The Malta Independent 30 November 2022, Wednesday
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Netflix series suggests possibility that megalithic temples in Malta are far older

Semira Abbas Shalan Sunday, 20 November 2022, 07:30 Last update: about 10 days ago

New Netflix series titled Ancient Apocalypse suggests the possibility that the famous Maltese megalithic temples are in fact much older than Malta’s prehistory says.

Journalist Graham Hancock, the protagonist of the series who explored prehistoric sites as part of his mission to find clues about lost civilizations dating back to the last Ice Age, says that Malta’s prehistory, especially when it comes to the ages of the megalithic temples, is older than what archaeologists say.

Hancock visited Gozo’s Ġgantija, the oldest of the Maltese temples. The series shows a visual reconstruction of what the temple must have looked like thousands of years ago. The complex in its prime shows an impressive and towering three-storey temple with walls painted in red.

Hancock suspects that everything archaeologists have said about Malta’s past, could be wrong.

According to Malta’s official timeline, the first people settled here around 7,900 years ago. It is said that they were simple, Stone Age farmers who crossed over to Malta on a raft from the neighbouring island, Sicily.

They brought with them the first domesticated animals and plants, and as people settled, they developed their own culture.

The Ggantija temples are said to have been built 5,600 years ago, though there is no written sources which says this, nor reliable carbon dates.

“None of the prehistory of Malta stacks up,” Hancock (above, screenshot from series) said.

Strolling around the towering megaliths, which make up the tall structure, Hancock said that he is convinced there was another lost civilization which could have built the extraordinary structures way before the first farmers from Sicily arrived on the island.

Hancock said that it’s possible that an older civilization walked to Malta, back when the island was connected to Sicily and the remaining of Europe. During the last Ice Age, around 12,000 BC, animals migrated to the warmer Malta to survive the harsh period.

“Humans could have followed them,” Hancock said. Hancock spoke with the president of the Prehistoric Society of Malta, Anton Mifsud (above, screenshot from series), who has studied the site of Ghar Dalam, where animal parts and fossils were found from the Ice Age.

He said that archaeologists found Neanderthal teeth in the stalagmites of the ancient cave, but the results to confirm how old they were, were not divulged. Mifsud held an extensive analysis on the teeth, which then confirmed that they were Neanderthal.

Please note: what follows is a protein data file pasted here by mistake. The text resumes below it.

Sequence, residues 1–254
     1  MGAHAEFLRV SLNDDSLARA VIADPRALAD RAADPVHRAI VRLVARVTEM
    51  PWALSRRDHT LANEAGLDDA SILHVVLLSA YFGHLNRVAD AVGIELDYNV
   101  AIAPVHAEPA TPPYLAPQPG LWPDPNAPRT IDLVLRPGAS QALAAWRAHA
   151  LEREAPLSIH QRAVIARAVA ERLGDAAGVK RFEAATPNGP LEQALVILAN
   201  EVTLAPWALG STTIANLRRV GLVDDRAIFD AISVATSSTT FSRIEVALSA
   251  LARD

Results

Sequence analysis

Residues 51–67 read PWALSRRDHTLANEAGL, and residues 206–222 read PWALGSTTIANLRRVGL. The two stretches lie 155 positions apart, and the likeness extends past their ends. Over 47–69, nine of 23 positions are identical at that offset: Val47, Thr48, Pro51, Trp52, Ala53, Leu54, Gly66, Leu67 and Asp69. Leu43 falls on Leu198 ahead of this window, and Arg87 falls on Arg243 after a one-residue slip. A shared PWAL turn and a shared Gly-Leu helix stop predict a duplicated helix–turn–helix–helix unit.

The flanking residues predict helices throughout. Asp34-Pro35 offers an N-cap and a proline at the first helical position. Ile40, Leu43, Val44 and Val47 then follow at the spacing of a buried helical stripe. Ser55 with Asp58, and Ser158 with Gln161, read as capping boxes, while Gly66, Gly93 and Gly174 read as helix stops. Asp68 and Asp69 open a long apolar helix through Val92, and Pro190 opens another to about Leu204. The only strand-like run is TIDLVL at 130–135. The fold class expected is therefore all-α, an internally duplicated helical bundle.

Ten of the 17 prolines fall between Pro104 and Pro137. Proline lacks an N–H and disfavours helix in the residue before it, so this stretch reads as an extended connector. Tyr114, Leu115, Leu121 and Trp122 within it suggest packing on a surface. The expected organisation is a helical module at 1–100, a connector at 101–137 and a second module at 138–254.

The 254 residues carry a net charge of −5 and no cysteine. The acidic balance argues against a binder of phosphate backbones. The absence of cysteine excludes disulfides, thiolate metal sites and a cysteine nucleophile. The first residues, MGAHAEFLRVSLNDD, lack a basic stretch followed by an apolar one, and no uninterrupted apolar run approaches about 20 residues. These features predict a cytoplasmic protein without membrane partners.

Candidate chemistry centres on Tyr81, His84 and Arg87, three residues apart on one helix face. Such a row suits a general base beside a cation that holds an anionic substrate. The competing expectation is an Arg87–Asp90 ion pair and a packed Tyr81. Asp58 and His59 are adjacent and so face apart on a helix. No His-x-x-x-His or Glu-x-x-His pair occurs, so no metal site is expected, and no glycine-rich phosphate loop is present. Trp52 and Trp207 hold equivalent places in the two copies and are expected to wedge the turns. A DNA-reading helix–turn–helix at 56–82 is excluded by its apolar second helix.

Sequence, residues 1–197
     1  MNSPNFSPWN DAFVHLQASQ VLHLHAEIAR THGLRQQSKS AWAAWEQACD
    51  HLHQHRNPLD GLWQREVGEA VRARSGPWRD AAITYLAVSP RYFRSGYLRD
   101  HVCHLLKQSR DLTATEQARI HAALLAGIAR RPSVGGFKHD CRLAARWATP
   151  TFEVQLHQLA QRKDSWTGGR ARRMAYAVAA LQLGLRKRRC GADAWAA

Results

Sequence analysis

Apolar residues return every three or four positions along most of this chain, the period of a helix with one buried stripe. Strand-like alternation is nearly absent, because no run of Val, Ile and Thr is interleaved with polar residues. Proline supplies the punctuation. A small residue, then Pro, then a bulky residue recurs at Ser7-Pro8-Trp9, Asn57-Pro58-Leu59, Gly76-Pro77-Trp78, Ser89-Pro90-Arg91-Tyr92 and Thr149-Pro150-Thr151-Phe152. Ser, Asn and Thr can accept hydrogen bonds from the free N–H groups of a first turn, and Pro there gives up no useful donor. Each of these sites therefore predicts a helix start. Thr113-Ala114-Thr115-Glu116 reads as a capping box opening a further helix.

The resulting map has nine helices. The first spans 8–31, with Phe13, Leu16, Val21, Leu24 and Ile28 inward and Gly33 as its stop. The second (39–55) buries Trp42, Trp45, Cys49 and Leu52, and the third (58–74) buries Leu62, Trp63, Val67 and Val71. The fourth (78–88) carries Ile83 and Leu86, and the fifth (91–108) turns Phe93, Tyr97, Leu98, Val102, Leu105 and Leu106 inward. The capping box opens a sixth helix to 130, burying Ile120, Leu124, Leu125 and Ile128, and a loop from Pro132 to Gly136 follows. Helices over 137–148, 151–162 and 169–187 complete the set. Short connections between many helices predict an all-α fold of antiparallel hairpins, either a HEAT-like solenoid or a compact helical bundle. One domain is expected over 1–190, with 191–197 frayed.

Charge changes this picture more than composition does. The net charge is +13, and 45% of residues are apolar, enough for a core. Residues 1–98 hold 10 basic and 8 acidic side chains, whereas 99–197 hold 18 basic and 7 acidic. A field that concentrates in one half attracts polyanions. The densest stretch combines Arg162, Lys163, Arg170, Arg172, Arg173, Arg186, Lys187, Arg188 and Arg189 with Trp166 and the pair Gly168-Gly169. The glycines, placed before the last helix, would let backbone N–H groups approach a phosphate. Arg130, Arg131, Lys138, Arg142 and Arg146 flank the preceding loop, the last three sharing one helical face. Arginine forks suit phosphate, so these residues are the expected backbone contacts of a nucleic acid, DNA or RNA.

This suggests that there were humans in Malta during the Ice Age.

Hancock also visited the Mnajdra temples, where he said that whoever built the temples had knowledge of the cosmos.

“We know that they observed the rising of the sun and the position of the stars and incorporated that into their architecture,” Hancock said. During the spring and autumn equinoxes, the rays of the rising run exactly bisect the temple entrance, flooding the temple with light.

“Mnajdra and other temples may be part of a larger, ancient astronomical project and would rewrite the accepted timeline of Malta’s prehistory,” Hancock said.

He spoke with Dutch researcher Lenie Reedijk, who wrote a book about the Sirius Rising theory, which puts forth the idea that the temples were constructed thousands of years before archaeologists believe they were built, to point at the brightest star in the sky, Sirius.

“The temples are oriented to one star, Sirius. At some point in time, this star passes through all the entrances of the temples,” she said.

As Sirius shifted positions due to the Earth’s axis, it forced humans to build more of the temples, to align with the star’s position.

Hancock and Reedijk believe that Malta’s megalithic project began thousands of years before. Hancock also provided an explanation as to why the star Sirius. He said it could simply be that it was the brightest star in the sky, but it could also be matched with Ancient Egypt.

He associated the famous myth of Osiris and Isis, where Osiris established rule of law and taught civilizations agriculture. Osiris left Egypt under Isis’ rule, while he travelled the earth, teaching civilization skills such as the construction of such temples and knowledge of the stars.

Hancock also believes that there could be further evidence of older, lost civilizations beneath the waves, as Malta was connected to mainland Europe before rising sea levels created the island.

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